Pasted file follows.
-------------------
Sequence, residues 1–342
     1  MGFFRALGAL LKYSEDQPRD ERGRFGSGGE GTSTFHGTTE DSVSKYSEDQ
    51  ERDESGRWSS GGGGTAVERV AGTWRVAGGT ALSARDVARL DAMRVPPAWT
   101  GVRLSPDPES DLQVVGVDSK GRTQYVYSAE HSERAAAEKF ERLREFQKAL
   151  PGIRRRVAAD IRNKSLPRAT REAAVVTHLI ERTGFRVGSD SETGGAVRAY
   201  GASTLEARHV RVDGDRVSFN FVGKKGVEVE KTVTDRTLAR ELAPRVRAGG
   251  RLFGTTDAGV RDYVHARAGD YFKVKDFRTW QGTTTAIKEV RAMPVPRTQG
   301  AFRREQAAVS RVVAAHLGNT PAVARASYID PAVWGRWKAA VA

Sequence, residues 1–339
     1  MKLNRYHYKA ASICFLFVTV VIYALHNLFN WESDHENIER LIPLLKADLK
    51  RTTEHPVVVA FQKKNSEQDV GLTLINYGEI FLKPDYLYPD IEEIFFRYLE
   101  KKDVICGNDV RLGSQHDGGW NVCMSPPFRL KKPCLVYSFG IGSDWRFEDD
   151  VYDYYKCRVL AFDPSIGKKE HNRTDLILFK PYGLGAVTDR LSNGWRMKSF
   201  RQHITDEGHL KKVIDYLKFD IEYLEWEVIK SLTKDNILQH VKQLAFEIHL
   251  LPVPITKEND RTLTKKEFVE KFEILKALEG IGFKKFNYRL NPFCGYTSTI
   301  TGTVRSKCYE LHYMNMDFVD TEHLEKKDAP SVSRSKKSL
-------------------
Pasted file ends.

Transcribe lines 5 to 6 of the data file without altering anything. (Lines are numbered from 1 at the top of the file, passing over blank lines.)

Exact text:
   151  PGIRRRVAAD IRNKSLPRAT REAAVVTHLI ERTGFRVGSD SETGGAVRAY
   201  GASTLEARHV RVDGDRVSFN FVGKKGVEVE KTVTDRTLAR ELAPRVRAGG